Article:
Swivels Keep You from Getting Twisted Up
Have you ever been out on a limb with your climb line attached to the ring on your bridge while also trying to use your lanyard as a second tie-in, but as you lean way out there you notice your rope and lanyard are turning your bridge all around in a circle? This is a headache that can easily cause you frustration, but also, in a rescue scenario, cause the rescue to take far longer than it should because of an avoidable misconfiguration of gear. There is, however, a really easy way to fix this little dilemma: a swivel!
Swivels are pretty simple tools that keep things from getting all twisted up! Swivels give you a connection point on top and bottom with a bearing or sheave in the middle that allows these two different connections to move separate from one another. This is great for the previously mentioned scenario or in rigging scenarios as well. Simply put, anytime you want to keep one piece of gear from causing another to get twisted is a good time to use a swivel.
Where to Place Your Swivel
A great place to put a swivel is on the bridge of your harness. By utilizing the swivels ability to spin, you can keep your MRS systems from getting crossed and twisted as you move through the tree chasing deadwood. When your MRS system gets too twisted, the friction will build up and you will be hard pressed to move quickly any longer. The bottom connection of the swivel can be attached to your bridge just as a ring would. Now you can clip your climbing system to the other connection point of the swivel.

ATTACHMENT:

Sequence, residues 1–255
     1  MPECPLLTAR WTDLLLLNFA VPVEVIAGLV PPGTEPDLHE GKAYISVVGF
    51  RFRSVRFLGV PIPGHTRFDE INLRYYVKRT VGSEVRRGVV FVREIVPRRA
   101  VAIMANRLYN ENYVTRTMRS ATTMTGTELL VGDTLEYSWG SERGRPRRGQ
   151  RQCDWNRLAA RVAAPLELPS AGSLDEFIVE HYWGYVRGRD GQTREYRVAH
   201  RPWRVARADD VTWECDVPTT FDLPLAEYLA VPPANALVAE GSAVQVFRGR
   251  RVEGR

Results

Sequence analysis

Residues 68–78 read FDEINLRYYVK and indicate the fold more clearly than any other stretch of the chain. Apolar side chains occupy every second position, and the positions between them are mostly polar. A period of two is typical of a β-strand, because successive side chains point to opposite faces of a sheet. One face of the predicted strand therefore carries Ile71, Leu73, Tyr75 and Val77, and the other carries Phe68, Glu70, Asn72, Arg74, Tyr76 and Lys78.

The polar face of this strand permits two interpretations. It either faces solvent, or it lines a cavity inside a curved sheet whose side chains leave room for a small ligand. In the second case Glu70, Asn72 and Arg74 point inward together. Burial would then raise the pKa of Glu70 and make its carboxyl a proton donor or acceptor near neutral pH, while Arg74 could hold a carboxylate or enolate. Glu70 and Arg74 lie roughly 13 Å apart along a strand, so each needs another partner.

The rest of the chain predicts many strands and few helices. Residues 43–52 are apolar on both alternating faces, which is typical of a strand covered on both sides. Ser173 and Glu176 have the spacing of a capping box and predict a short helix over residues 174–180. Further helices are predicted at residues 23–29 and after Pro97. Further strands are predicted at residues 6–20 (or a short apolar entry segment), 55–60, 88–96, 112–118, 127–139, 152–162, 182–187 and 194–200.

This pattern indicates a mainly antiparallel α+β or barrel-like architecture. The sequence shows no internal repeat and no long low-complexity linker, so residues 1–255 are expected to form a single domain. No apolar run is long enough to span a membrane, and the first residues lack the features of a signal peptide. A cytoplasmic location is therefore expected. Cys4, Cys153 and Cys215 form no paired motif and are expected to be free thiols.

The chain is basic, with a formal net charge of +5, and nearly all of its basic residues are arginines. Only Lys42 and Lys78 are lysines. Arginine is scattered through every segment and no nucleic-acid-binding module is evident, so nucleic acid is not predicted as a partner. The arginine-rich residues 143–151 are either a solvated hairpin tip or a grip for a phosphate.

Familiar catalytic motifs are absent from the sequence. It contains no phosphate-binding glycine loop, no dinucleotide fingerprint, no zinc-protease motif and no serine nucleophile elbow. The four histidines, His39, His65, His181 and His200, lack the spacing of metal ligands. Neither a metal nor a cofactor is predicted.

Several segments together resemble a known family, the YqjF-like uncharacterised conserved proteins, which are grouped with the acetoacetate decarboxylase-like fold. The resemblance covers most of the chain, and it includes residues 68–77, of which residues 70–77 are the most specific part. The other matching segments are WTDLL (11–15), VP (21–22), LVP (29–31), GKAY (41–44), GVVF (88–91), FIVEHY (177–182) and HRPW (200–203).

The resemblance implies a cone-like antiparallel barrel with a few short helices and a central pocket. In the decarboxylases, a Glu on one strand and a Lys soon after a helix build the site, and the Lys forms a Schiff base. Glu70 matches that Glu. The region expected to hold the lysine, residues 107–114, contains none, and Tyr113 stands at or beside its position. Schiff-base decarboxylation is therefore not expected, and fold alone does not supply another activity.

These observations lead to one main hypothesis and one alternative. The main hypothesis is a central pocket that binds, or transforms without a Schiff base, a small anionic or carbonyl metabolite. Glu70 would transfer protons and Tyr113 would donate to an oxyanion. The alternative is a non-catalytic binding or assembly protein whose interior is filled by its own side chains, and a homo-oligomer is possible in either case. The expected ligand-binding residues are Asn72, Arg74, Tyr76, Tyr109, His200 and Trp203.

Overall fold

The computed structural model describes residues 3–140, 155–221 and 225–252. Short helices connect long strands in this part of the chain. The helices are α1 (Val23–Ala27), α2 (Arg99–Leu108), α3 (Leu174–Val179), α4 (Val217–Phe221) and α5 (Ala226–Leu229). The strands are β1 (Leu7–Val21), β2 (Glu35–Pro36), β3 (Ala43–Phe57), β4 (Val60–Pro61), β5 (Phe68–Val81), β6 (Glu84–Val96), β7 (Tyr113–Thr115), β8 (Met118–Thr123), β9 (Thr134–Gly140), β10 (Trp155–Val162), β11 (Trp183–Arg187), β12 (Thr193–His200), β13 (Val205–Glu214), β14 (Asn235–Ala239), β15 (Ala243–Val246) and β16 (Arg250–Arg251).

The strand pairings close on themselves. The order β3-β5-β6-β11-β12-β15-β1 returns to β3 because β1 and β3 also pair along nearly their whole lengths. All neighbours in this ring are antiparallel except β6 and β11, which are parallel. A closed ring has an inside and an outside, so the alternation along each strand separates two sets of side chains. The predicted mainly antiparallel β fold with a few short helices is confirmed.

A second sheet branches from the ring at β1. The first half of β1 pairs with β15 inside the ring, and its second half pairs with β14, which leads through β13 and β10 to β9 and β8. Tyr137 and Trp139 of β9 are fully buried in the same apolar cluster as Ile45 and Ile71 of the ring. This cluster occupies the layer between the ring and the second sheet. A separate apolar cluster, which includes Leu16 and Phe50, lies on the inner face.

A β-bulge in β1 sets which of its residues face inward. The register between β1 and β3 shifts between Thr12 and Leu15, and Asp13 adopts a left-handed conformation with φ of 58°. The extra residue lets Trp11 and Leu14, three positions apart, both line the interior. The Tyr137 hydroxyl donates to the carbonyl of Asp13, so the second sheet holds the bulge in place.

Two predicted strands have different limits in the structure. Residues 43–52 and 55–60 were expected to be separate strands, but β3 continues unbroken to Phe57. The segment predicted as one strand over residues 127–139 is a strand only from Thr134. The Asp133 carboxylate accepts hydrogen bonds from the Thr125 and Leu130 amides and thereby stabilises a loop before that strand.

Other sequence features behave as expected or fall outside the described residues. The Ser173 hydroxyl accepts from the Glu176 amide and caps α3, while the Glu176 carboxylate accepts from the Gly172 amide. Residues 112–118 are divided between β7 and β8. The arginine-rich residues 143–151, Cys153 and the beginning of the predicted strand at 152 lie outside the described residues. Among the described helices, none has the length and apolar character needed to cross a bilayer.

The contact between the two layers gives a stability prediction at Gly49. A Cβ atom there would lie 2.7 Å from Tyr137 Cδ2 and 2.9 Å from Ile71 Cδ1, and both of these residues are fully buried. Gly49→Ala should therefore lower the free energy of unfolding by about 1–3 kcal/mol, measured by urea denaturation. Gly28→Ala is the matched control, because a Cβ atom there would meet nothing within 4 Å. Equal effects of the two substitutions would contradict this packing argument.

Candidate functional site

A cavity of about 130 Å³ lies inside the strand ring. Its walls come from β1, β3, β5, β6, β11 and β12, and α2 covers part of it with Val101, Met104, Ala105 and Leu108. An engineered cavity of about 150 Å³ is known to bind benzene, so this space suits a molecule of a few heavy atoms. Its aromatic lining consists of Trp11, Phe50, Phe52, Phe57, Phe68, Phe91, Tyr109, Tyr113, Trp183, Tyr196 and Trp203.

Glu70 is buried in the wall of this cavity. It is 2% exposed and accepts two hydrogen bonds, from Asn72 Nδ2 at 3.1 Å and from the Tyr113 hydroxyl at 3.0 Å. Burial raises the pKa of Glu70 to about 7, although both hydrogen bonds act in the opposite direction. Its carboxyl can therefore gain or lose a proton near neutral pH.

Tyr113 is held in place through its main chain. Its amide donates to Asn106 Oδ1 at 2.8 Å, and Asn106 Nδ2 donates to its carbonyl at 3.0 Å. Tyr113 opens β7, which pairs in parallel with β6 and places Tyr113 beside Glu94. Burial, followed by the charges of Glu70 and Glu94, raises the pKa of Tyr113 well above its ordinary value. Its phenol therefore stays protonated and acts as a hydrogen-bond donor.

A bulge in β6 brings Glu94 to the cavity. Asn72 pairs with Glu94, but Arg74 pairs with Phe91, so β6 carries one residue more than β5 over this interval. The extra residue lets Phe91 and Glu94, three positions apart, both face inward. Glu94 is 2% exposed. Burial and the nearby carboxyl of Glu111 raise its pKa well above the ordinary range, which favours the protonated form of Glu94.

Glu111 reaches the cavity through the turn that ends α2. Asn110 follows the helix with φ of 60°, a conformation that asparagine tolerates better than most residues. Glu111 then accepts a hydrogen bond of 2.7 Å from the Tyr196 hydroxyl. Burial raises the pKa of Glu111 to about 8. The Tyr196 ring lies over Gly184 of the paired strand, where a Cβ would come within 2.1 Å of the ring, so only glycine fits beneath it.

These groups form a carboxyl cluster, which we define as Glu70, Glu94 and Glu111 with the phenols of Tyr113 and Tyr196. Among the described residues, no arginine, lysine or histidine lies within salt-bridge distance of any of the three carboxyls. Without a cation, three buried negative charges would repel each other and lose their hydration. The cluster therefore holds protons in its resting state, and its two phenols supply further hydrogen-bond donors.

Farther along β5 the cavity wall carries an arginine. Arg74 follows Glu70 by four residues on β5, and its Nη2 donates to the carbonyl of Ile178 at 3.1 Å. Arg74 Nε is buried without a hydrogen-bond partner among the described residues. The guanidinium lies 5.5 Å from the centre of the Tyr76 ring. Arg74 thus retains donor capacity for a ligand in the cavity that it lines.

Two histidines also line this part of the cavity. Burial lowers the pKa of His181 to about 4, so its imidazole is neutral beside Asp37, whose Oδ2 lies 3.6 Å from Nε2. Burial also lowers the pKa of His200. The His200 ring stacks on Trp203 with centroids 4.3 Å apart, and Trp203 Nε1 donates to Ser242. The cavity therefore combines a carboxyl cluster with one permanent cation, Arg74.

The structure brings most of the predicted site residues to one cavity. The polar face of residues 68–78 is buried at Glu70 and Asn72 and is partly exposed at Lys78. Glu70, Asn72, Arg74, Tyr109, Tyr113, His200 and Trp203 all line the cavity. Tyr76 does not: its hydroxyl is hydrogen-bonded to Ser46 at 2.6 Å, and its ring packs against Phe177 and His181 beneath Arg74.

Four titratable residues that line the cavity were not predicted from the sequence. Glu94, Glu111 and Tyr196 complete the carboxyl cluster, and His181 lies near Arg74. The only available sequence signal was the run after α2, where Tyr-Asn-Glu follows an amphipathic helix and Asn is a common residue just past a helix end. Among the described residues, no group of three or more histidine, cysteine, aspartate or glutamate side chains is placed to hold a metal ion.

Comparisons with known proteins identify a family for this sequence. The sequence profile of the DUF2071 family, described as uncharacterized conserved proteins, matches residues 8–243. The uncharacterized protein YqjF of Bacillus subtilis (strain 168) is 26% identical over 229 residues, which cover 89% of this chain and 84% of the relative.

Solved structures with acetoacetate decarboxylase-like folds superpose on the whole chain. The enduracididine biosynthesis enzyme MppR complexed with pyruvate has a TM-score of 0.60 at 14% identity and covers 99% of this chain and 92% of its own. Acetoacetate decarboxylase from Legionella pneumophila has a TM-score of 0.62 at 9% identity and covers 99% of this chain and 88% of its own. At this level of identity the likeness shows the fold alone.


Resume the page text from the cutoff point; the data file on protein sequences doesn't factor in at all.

Honestly, my favorite way to use a swivel on my bridge is to attach it the same way as I mentioned above, but instead of clipping my climbing system into the other connection point, I would actually clip into the same connection that is attached to my bridge. This allows the swivel to act the same way as a ring. This technique keeps the swiveling side free for another climbing system or for my lanyard when used as a second tie-in point. Now, when I twist or turn to get that one piece of dead wood WAYYYYYY out there, my climbing systems stay neat and in order.
Another place that tends to get twisted and cause havoc is the sliding piece of a speed line. Have you ever had the limb or log take a good swing and then twist the carabiner riding on the speed line? It slows the “speed” of the speed line right down, therefore, making your day longer up in the tree. If you add a swivel between the sliding carabiner or pulley on the speed line and the sling attached to your limb being removed, you can guarantee a smooth and easy removal on your hands.
Another Useful Application
Swivels can also be used for a floating false crotch while climbing. You can set a rope over the tree and attach a swivel and pulley with your climb line passed through. Once the FFC is pulled up to its desired location, you can start climbing. The swivel will help your pulley stay in the perfect orientation as your climb line leading to a friction free and hassle-free climb!
Swivels can be used for a ton of other things as well! These super versatile tools help me remain less frustrated throughout the day and they keep “most” of my lines from getting tangled! We would love to hear some of the ways that swivels have made climbing or rigging easier for you, or at least less stressful! Let’s hear what you have to say in the comments below!